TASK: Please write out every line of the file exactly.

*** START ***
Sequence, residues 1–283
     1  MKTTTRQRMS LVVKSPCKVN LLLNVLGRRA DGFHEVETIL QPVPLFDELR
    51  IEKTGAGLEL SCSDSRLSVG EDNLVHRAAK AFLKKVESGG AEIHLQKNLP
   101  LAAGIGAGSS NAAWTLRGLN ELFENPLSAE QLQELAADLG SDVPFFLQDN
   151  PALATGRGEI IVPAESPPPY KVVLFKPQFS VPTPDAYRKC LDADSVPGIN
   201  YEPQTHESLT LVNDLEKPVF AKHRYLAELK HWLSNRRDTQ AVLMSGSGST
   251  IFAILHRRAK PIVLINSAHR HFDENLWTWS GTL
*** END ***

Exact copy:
Sequence, residues 1–283
     1  MKTTTRQRMS LVVKSPCKVN LLLNVLGRRA DGFHEVETIL QPVPLFDELR
    51  IEKTGAGLEL SCSDSRLSVG EDNLVHRAAK AFLKKVESGG AEIHLQKNLP
   101  LAAGIGAGSS NAAWTLRGLN ELFENPLSAE QLQELAADLG SDVPFFLQDN
   151  PALATGRGEI IVPAESPPPY KVVLFKPQFS VPTPDAYRKC LDADSVPGIN
   201  YEPQTHESLT LVNDLEKPVF AKHRYLAELK HWLSNRRDTQ AVLMSGSGST
   251  IFAILHRRAK PIVLINSAHR HFDENLWTWS GTL